The last month has been one of the more challenging and exciting months I’ve had in a couple of years. Between traversing up and down the I-5 corridor training for my new adventures in self-employment, attempting to decipher the mysterious language of government forms, and hunting down the gremlins that are preventing me from fully getting my new system up and running, I’ve also been helping my successor at S.H. get up to speed. 

Each day I learn something new, yet for all the reading, writing, and training I’ve been doing (both as the trainer and the trainee) there are moments I feel like I’m not making any headway at all.

I hit one such wall on Sunday afternoon. I plopped down on the floor, head against the kitchen cupboard, and stared at the ceiling for a good half hour while all the reasons why I was going to fail banged around in my head. Honestly, I felt a little sick and I was most definitely overwhelmed.

As I sat there, I wondered, “How does anyone handle it all?”

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There’s so much to do, all of it’s important; but there’s no way to tackle it all at the same time. It’s like trying to eat a proverbial elephant* in one bite…and not choke. 

So naturally I did what any rational person would do in my shoes. I grabbed the novel that I’ve already had to renew from the library once, curled up in a lounge chair outside—and promptly fell asleep. I probably would have slept straight through the evening had some jerk of a bug not attacked my arm (I’ve still got a welt from whatever bit/stung me, but I digress). Once the the initial irritation wore off I remembered there’s only one way to eat an elephant—one bite at a time, same as everything else. 

On Monday I woke up and spent some time reflecting and praying. As I wrote in my prayer journal I asked that my eyes would be opened to the good, the bad, and the best uses of my time, and that I would have the strength and courage to cut out the bad, set aside the good, and focus on the best. 

The first step is to evaluate how I’m filling my day, specifically, what I’m doing when I start feeling frustrated or stuck. I’ve already discovered one time suck that I’ve deleted for now (surprisingly, it’s not social media). I’m setting up a new schedule for my time that breaks down the various projects into manageable tasks based on their importance, and I’m scheduling myself breaks. I’m also turning down the faucet on new information.

Learning new things is important, but again…it needs to be taken one bite at a time. Chew. Swallow. Repeat.  

I’ve still got a ways to go before I have everything sorted out, but at least I’m making forward progress. And I’m feeling less anxious this morning than I was on Sunday. That in itself is an accomplishment. 

—Jen 

*I do not advocate eating real elephants.

How do you handle feeling overwhelmed by life changes and major projects? I welcome your thoughts below, or join the conversation on my Facebook author page.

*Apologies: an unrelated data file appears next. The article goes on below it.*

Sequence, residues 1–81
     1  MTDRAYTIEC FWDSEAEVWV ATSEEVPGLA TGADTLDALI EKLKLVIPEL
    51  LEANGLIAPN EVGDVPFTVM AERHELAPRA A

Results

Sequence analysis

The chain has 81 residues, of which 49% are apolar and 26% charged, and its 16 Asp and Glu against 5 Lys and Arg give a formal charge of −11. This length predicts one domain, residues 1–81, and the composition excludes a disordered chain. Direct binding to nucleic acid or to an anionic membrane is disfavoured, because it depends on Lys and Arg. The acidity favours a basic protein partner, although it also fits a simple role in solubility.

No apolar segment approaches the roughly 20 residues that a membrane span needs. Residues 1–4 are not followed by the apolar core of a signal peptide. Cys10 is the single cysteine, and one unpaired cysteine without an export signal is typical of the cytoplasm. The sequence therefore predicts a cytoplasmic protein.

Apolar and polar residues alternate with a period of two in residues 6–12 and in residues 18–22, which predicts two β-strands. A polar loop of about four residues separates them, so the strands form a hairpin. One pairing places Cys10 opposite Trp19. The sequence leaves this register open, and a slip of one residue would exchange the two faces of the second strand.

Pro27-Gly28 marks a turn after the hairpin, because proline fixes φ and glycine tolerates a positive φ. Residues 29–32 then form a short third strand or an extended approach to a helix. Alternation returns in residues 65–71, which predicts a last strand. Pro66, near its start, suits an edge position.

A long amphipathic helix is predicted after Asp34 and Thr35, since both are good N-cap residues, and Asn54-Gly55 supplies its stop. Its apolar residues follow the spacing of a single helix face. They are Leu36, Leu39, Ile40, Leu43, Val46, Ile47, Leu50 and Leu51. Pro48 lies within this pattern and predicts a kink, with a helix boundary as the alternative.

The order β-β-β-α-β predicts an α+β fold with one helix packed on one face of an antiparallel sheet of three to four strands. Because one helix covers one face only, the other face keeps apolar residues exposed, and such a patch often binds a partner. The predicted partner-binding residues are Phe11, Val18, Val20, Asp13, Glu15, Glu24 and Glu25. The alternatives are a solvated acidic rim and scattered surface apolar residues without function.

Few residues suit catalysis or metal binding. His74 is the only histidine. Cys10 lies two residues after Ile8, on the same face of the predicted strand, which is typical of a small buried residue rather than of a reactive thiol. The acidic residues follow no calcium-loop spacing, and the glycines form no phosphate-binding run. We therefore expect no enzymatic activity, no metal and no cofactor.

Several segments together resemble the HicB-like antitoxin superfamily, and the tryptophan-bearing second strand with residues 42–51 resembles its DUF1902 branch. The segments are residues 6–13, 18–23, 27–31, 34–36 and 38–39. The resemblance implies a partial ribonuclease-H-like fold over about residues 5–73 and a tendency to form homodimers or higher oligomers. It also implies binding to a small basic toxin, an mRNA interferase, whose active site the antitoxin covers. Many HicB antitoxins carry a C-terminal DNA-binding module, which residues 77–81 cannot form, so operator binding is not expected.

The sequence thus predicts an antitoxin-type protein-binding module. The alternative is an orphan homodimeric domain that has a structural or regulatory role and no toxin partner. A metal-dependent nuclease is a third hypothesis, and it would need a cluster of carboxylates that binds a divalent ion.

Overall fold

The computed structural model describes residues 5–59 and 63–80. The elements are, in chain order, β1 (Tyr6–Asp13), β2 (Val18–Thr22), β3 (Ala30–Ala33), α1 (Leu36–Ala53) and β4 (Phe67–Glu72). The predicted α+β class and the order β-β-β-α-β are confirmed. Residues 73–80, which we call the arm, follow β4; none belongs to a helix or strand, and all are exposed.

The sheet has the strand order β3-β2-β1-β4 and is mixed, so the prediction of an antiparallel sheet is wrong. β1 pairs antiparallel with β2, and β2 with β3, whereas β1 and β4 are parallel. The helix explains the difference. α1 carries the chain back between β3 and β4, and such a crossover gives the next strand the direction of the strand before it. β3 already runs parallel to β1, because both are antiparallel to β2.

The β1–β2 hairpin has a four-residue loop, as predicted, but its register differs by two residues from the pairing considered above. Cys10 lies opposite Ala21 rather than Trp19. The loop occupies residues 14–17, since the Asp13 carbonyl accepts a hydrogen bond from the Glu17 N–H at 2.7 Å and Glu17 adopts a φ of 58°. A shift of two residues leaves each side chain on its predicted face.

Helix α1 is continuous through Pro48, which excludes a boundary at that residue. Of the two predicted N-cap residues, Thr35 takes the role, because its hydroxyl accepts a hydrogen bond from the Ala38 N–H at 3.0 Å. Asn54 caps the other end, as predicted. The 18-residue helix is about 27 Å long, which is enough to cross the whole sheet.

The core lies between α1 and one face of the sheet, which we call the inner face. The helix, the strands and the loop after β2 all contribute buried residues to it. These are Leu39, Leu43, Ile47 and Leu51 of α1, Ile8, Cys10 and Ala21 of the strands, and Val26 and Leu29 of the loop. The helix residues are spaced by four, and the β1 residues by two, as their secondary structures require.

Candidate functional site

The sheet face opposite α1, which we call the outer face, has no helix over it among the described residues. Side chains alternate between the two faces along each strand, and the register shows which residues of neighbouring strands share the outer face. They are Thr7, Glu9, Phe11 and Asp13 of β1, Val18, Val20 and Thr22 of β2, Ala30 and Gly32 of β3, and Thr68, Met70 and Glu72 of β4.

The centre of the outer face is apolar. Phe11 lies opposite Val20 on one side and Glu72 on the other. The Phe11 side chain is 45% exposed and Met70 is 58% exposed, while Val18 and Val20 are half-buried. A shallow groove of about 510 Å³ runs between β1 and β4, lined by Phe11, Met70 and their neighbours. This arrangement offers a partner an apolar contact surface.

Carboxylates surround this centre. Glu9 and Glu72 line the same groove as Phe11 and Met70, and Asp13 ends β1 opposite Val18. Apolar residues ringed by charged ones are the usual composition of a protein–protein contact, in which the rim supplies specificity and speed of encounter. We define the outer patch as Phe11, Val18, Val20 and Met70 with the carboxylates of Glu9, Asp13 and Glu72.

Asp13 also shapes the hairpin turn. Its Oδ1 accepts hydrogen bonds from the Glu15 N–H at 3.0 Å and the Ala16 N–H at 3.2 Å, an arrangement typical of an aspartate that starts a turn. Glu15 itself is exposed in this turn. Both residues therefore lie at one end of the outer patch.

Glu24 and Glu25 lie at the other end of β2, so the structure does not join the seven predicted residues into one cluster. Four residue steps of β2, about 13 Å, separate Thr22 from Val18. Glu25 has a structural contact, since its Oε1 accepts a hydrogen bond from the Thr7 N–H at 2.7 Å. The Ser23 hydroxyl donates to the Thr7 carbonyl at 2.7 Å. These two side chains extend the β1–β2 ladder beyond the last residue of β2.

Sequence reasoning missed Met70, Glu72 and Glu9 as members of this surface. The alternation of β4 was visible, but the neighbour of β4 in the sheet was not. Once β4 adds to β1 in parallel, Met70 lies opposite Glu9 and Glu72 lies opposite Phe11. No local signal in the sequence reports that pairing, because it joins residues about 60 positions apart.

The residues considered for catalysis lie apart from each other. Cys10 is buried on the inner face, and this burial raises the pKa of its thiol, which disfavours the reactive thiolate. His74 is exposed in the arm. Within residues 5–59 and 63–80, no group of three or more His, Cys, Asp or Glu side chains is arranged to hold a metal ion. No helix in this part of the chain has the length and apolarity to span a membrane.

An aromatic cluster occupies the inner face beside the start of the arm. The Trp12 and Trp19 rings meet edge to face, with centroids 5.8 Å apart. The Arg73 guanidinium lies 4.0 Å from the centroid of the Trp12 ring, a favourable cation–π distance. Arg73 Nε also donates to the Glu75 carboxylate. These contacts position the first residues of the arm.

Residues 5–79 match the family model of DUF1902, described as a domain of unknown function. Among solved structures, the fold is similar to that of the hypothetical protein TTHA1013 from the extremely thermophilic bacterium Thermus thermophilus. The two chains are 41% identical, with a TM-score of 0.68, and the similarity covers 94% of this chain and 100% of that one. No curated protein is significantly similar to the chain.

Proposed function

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The lost art of the Thank You: 3 ways a simple note can save your writing

As a writer, it’s easy to become distracted, to feel overwhelmed, or to lose sight of what first inspired you to write. Whether it’s demands on our time or pressures we place on ourselves, burnout and block seem to regularly pull at the writer.

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Just shy of two years ago I took a job with an international non-profit and one of my main responsibilities was communicating with donors, primarily through thank you notes written on behalf of the president of the organization.

A few months into the job I lamented to a friend that by the time I got home at night I was so drained I couldn’t think clearly enough to get more than a few words down. And there were stretches of weeks in which I was unable to write at all.

I told her I felt like a failure and that I was beginning to wonder if I was wrong all along. I just wasn’t meant to be a writer.

Her response completely changed the way I looked at myself and my writing.

First, she reminded me that I was writing. I was writing every single day. She asked me if I was counting those words to my daily quota, because if I wasn’t, I should be. I didn’t realize it at the time, but she was right. 

As odd as it sounds, writing thank you notes saved my writing. It can save yours, too.

The main reason for writing a thank you note is to convey gratitude to someone who took a moment of their time to bless you. Whether the blessing comes in the form of a gift or a word of encouragement, that individual went beyond themselves to reach into the life of another. 

When we write a thank you note, we are honoring the gift and the giver. Thus came the first takeaway lesson of the Thank you card:

1. A thank you note isn’t about the person who is writing. A thank you note is about the person being written to.

In the early days of my job, all I had were notes in a file about each of the donors and what little I knew about my boss. As time passed, I had the honor of meeting a few donors in person. Some I spoke with on the phone. Others, I received notes from that shared a bit about what was going on in their own lives. In time, I came to see them as active parters in my work.